“Fine, you want to appeal to my sense of whatever,” I sighed. “Do you really think you’re going to do that by wrecking a train and hurting people?”
“If you only knew what I knew then you would understand how insignificant their lives are. I have a greater purpose now, and like it or not, you are a necessary part of my design.”
My fists clenched. Screw it, I was in a world of trouble; I may as well cut loose. “You’re a crazy person, for real. You know that, right? I mean that not like you’re someone who has a mental illness and needs help, but as someone who is fundamentally missing a part of themselves that makes you human.”
Dr. Vortex turned back; this time there was no smile. “Do you know what you are? What you come from? You have the potential…!”
“Yeah, I’ve got potential; and I’m using it to help people.”
“You could do so much more, Justin! Give me a chance. Listen…”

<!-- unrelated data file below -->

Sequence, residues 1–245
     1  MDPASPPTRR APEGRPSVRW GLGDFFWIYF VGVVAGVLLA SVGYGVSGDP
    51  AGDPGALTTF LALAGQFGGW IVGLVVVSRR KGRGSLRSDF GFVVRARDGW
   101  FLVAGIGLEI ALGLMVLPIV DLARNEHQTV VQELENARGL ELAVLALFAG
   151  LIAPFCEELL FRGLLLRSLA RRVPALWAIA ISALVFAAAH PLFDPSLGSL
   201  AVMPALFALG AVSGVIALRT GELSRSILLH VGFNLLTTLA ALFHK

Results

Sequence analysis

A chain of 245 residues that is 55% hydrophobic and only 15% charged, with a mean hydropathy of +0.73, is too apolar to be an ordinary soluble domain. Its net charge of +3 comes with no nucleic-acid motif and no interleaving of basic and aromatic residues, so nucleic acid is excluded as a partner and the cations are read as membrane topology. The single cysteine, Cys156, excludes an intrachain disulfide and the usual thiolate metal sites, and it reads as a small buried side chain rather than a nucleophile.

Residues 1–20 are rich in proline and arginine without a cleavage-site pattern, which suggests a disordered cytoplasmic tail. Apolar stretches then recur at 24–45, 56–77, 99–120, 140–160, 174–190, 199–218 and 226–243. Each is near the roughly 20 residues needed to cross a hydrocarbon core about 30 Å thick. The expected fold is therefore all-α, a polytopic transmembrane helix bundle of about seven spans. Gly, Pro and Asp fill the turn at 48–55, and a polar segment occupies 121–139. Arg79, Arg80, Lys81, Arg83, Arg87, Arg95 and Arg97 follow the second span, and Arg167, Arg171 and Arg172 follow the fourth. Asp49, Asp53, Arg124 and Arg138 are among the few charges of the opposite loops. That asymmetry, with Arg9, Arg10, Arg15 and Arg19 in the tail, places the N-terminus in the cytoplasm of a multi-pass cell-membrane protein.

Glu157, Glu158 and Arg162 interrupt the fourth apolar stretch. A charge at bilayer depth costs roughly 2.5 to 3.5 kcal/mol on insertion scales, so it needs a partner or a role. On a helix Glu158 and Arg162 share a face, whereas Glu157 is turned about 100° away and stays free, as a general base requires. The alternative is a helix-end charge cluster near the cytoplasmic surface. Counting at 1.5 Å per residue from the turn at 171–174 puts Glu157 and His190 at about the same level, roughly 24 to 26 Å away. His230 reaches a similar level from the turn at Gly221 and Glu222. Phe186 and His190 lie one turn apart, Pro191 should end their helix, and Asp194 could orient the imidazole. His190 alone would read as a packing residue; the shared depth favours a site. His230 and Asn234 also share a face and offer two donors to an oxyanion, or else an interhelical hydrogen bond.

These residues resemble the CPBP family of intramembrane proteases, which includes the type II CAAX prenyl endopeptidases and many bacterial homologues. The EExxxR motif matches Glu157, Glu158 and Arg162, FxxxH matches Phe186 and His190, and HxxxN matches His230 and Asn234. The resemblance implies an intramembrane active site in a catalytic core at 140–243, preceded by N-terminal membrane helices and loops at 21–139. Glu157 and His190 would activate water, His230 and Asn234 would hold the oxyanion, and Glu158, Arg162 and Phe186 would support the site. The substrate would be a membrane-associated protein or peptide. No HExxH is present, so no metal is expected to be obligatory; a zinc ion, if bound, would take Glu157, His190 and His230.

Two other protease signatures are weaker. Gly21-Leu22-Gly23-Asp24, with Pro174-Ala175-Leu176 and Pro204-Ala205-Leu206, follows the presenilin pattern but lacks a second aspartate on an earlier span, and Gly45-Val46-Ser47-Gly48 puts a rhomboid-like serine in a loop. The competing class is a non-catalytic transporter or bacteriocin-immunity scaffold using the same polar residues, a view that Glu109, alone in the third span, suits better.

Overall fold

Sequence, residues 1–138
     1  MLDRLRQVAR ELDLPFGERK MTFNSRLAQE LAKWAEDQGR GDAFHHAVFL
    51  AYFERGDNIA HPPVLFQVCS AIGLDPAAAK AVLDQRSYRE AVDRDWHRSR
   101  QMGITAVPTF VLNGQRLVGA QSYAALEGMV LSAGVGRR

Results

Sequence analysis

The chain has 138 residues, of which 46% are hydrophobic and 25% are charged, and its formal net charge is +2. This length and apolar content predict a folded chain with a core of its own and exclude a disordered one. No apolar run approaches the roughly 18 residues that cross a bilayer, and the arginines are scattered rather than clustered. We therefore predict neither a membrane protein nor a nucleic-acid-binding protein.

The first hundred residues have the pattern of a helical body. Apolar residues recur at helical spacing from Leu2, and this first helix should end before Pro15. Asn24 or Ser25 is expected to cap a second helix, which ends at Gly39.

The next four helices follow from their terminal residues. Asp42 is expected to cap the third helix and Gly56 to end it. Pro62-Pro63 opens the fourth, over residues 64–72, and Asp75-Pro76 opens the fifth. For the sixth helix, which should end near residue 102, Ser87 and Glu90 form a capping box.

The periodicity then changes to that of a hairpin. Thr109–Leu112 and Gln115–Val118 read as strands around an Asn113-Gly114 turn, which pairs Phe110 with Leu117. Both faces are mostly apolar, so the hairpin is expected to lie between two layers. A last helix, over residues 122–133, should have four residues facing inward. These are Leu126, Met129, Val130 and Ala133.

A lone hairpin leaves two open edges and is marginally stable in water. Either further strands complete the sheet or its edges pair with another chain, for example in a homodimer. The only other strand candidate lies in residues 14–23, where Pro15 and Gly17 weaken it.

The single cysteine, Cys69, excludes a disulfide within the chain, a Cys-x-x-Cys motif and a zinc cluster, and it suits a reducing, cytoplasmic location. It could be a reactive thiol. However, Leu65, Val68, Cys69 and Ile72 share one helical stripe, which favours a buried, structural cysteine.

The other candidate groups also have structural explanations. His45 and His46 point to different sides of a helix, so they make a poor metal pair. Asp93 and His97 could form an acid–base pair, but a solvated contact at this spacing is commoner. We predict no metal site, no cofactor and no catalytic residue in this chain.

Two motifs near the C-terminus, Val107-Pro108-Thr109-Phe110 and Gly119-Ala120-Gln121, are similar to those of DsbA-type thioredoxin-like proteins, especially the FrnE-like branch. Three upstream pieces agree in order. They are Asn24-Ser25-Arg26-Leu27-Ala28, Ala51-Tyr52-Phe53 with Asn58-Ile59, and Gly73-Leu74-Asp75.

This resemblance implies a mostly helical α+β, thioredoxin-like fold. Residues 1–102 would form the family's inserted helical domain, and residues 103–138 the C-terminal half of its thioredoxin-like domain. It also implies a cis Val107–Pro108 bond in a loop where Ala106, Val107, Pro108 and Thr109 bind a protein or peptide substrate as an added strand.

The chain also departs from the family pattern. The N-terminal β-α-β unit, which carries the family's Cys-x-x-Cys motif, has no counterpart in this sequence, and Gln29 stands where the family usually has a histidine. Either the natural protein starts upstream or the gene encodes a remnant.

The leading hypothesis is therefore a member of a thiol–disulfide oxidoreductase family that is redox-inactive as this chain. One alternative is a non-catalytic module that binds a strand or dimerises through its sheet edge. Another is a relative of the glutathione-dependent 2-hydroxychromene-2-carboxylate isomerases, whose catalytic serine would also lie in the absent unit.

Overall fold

Somewhere in the back of my head I could hear Tanya’s voice; I could remember like yesterday when she told me what was her biggest secret, that the trick to winning any fight was to land the first punch. I thought about it between my arm and his jaw and wondered, was I fast enough? And even if I did connect, what if he didn’t go down? What tricks would he have to hold me back? Not that I really had much option; you couldn’t talk your way out with guys like this.
I laughed. “Why? You really think I’m going to help you take over the world?”
“Not take it over,” he hummed; “remake it. Remove suffering. Start again from the beginning, without all the mistakes…”
Dr. Vortex was too far gone, and I had to make my move as he was caught in a rant. I lunged closer, threw a swing, hurtled myself toward his body and burst with energy shooting from my fist. Maybe I’d get lucky and knock him out in one hit; either way, it was make or break time.
To be continued…